BRUNSWICK — When Ian Talmage and Jennifer Banis bought their mid-1800s farm on Round Hill Lane four years ago, their dream was to restore it and make it a destination for couples looking for a rural, farm-to-table wedding.
That dream ended Tuesday night with the Planning Board’s unanimous denial of their request for a special permit at Casco Farmhouse.
Talmage and Banis told the board they had always wanted to “live and raise a family in the beautiful, historic, farmland area of Brunswick,” according to their permit application. “Hosting weddings will help us reach this goal … (and support) the adjacent farms and the local agriculture.”
They said they planned to source much of the wedding fare from Crystal Spring Farm and farmer’s market, and that Banis, who is a wedding caterer at 111 Maine, already does business with Crystal Spring.
They also said the 20 weddings a year they planned to host would provide business for local hotels, inns, and restaurants.
But their neighbors had a different vision.
“(Talmage and Banis) are marketing their property as quiet, serene, beautiful Maine countryside home, then are themselves leaving and the neighbors are then stuck with the noise of their groups,” Michael Samson, of Casco Road, said in an email to Town Planner Jeremy Doxsee.
In another email to planning staff, Pem Schaeffer, of Crestview Lane, said “(the) proposed use will significantly alter the tranquility, safety, and quality of life in the surrounding neighborhoods, and is an entirely inappropriate use for a residential property in a rural and agricultural setting.”
Town staff identified parking and noise as the elements most incompatible with surrounding properties.
To mitigate the parking issue, Talmage and Banis secured letters from four local hotels saying that guest’s cars could remain parked there while they were shuttled to the wedding site. Ten parking spots would be allowed on the property for caterers, handicapped guests, and wedding couples.
But Talmage and Banis could not prove that weddings would not violate the noise guidelines of the town code.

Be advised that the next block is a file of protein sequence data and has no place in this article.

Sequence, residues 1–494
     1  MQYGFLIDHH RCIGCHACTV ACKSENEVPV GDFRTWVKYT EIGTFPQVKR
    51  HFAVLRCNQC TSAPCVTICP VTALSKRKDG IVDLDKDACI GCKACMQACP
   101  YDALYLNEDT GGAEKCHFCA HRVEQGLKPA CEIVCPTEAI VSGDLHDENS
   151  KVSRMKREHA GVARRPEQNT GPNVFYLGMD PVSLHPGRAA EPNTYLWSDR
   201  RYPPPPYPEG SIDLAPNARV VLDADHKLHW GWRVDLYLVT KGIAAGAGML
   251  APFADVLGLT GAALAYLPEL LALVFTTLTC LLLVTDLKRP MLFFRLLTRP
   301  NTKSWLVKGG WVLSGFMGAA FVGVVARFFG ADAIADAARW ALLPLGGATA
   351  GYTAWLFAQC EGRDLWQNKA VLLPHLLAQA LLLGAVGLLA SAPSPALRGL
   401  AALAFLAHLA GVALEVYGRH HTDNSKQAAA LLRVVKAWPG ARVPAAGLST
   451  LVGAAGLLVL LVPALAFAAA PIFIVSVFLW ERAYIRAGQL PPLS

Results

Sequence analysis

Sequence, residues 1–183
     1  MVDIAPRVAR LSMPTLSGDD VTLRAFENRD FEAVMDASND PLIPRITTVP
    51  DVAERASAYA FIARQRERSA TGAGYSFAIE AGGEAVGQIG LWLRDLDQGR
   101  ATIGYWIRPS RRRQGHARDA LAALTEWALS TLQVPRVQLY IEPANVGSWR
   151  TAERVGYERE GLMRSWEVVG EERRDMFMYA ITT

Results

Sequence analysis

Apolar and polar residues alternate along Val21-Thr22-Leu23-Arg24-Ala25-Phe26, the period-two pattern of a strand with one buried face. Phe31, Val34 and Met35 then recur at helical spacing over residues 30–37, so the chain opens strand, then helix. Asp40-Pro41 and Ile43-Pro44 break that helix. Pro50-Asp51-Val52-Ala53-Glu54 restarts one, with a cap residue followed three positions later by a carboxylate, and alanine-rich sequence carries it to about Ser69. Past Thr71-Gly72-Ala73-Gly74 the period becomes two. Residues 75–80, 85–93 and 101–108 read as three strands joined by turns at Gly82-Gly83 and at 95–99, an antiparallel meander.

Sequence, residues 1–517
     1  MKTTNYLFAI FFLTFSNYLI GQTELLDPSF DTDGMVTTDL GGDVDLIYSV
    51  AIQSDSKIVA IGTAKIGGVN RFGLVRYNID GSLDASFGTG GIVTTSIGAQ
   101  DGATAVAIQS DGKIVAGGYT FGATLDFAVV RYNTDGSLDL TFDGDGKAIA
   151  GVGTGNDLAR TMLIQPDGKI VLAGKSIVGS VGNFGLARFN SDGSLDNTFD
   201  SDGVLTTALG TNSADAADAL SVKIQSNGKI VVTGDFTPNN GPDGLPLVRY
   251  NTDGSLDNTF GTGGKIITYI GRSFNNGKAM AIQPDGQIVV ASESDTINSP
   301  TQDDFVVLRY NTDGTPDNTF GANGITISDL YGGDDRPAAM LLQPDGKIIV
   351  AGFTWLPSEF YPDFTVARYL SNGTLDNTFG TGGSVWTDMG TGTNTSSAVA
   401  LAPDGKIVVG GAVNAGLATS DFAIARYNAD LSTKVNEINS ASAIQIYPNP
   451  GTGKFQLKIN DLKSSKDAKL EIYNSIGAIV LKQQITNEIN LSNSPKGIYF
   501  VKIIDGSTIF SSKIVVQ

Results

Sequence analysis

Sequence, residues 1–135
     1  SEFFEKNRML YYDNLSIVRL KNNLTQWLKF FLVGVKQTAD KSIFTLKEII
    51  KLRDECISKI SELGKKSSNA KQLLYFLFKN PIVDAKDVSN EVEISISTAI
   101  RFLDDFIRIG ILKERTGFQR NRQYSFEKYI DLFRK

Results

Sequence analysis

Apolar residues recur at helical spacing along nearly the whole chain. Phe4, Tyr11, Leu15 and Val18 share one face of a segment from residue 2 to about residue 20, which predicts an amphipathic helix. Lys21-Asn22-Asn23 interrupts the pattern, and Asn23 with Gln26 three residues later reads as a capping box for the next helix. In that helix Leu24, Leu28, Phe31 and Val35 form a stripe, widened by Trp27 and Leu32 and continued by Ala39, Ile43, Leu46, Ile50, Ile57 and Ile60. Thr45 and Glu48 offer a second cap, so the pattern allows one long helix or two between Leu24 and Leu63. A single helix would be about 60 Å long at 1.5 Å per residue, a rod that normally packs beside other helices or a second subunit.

At Tuesday’s meeting, Director of Planning and Development Anna Breinich said that in the Rural Coastal Protection zoning area, noise could not exceed 50 decibels during the day and 40 decibels at night.
The applicants conducted their own study of the property on the evening of May 26, using a decibel meter application on a smartphone and a hired wedding DJ. They said they found no measurable increase in the ambient noise level when the music was playing inside or outside of their barn.
Staff had suggested the couple hire a sound engineer to do a more official study, but the applicants cited the estimated cost – between $7,000 and $10,000 – as prohibitive.
Anecdotally, neighbors said they already knew how much noise weddings would generate because two events were held last year.
Robert Elder, of Casco Road, said “I, like everybody else, heard the noise last summer and it was nowhere near 40 decibels.”
Samson said “there were a lot of people with a lot of noise,” and that he was kept awake “listening to drunk people yell across the property.”
Several neighbors spoke of hearing singing, yelling, and vomiting up until one in the morning.
In all, seven people spoke to the board in opposition to the permit.
Banis later called last summer’s events “a huge mistake.”
In the end, the board followed the staff’s recommendation and neighbor’s testimony and unanimously denied the special permit application.
Board member Soxna Dice told the applicants that even though she liked the farm-to-table wedding idea, “the concern is just that (the limits on noise) would be unenforceable.”
Board member Richard Visser agreed. “It’s nice to have the entrepreneurial-type attitude … but there are limits,” he said.
After the meeting, Banis said she was “disappointed” and did not know what the next step would be.
“We put so much love and blood and sweat and tears” into restoring the property and preparing the application, she said.
She also said Brunswick is being left behind in a growing industry of farm-based weddings.
Banis said the idea sprung from her work as a wedding caterer, where she travels “up and down the coast” of Maine.
“There are lots of towns profiting from this industry that’s gone through the roof, so we were really hoping since we have the experience in the industry that we would be able to spearhead that in Brunswick,” she said.
According to Banis, the only barn wedding venue in Brunswick is the Cram Alumni House at Bowdoin College.
The nearest farm venues are Mallett Barn on Wolfe’s Neck, in Freeport, and Livewell Farm in Harpswell, she said.
And in Cape Elizabeth, the Planning Board is drafting a special events ordinance to allow rentals of residential property for private functions on parcels larger than 15 acres.
The process left Banis less than pleased.
“There was a lot of unprofessional-ism in the handling of (the application),” she said. “The decision was pretty much made before we got there.”
At one meeting with staff, she said, one town administrator accidentally passed her a note intended for another town employee that said “(Banis) is not qualified to run this business.”
“I’m still suffering from the disappointment,” Banis said. “Other towns definitely see the benefit.”
The restored Casco Farmhouse on Round Hill Lane in Brunswick. The Planning Board denied the owners’ request to use the property as a commercial wedding venue.